• 10. Starting a Community of Practice Support CoPs can use light- handed guidance and technology infrastructure. Identify needs and define adequate infrastructure without undue reliance on complex technology. Provide process support, coaching, and logistic assistance. Encourage Practitioners usually see the value of working as a community but may feel the host is not aligned with their understanding. Encourage participation. Value the work of the CoP. Publicize success.
  • 11. Passing the Fitness Test • Is the area of shared inquiry, the key issues that relate to it, and the function of the CoP strategically relevant to the host? • Are the topics of interest to all members? • Do all members have their own practice in the domain? Domain • Is the relevant experience on board? • Is the heterogeneity of the members assured? • Is the CoP open to new members and advertised as such? Membership • Are roles and accountabilities defined in a common agreement? • Are both distant contacts and face-to-face meetings possible? • What is the balance between giving and taking among members? Norms and Rules
  • 12. Passing the Fitness Test • Is the chosen structure clear and flexible enough? • Are key roles in the core group defined, e.g., manager, facilitator, and back-stopper? • Is the step-by-step work planning process open and transparent? Structure and Process • Do members care about common interests, commitment, and trust? • Are there regular face-to-face events? Are social moments celebrated? • Is the history of the CoP alive and shared with new members? Flow of Energy • Is delivering and reporting on tangible results a common concern? • Do members draw direct and practical benefits from their involvement? • Are results officially recognized by the host? Results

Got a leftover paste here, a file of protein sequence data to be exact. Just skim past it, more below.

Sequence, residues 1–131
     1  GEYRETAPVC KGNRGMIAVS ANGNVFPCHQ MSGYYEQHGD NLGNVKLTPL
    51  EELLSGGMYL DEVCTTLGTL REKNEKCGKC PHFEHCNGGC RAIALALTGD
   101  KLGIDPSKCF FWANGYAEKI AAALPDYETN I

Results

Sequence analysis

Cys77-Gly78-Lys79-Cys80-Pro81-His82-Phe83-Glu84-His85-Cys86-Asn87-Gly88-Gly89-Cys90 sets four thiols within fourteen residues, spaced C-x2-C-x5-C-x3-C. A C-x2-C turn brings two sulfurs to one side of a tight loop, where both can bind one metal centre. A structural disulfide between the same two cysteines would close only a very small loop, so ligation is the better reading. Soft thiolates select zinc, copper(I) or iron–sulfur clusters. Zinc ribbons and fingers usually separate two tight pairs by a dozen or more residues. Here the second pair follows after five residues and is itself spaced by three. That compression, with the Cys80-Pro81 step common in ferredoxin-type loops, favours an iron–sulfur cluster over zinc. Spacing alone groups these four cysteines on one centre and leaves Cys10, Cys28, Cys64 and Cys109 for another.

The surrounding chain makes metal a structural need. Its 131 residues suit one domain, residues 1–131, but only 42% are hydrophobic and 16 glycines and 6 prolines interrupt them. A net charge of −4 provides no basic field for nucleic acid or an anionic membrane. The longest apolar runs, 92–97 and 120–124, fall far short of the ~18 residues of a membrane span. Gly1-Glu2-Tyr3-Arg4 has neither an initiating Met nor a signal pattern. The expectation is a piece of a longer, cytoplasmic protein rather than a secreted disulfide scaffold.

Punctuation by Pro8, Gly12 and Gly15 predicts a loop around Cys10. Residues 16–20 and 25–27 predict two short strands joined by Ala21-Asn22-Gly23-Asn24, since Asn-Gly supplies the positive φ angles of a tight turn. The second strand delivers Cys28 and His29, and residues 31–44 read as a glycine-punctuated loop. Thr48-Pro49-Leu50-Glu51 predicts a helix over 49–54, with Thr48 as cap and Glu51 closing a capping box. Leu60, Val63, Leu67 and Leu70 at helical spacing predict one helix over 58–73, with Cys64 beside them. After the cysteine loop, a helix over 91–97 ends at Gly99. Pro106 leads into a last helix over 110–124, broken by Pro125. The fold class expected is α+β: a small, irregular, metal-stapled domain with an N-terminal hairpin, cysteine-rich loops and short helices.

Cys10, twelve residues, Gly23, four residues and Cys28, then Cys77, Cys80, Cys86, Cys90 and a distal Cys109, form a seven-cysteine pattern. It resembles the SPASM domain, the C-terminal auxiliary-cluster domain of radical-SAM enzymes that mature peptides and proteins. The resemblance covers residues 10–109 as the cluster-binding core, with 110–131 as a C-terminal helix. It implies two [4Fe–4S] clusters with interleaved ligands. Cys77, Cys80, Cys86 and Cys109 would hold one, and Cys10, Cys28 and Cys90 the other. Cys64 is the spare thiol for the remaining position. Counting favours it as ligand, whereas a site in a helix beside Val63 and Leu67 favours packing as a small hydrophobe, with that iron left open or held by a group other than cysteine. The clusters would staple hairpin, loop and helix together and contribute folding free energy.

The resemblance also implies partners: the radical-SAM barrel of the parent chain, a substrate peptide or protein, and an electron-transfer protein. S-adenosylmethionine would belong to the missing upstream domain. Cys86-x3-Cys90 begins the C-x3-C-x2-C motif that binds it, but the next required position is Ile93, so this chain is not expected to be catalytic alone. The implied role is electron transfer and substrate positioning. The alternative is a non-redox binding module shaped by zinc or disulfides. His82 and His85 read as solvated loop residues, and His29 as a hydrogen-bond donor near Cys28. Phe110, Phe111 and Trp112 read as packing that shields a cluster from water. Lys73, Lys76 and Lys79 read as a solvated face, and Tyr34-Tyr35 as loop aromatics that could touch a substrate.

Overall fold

• 13. Passing the Fitness Test • Do members have sufficient time for the CoP? • Is the host willing to provide time, space, and incentives? • Is CoP facilitation attractive and stimulating? Resources • Is listening to others a cardinal virtue? • Are members willing to give without immediate return? • Is diversity in thinking and practice validated? Values
  • 14. Critical Success Factors • The domain is of strategic importance to the host. • The host recognizes knowledge management and learning as important. • The CoP and its host share common values. • The results are relevant and beneficial for the host and its staff members. An organization is ready to host a CoP (and allocate resources to it) if:
  • 15. Critical Success Factors • A domain that energizes the core group and inner circle • Skillful and reputable managers and facilitators • Involvement of members • The details of practice are addressed • Right rhythm and mix of activities Community • Strategic relevance of the domain • Management sponsorship (without micro-management) • Judicious mix of formal and informal structures • Adequate resources • Consistent attitude Organization • Clearly delineated function • Capacities, skills, resources, and systems match function Function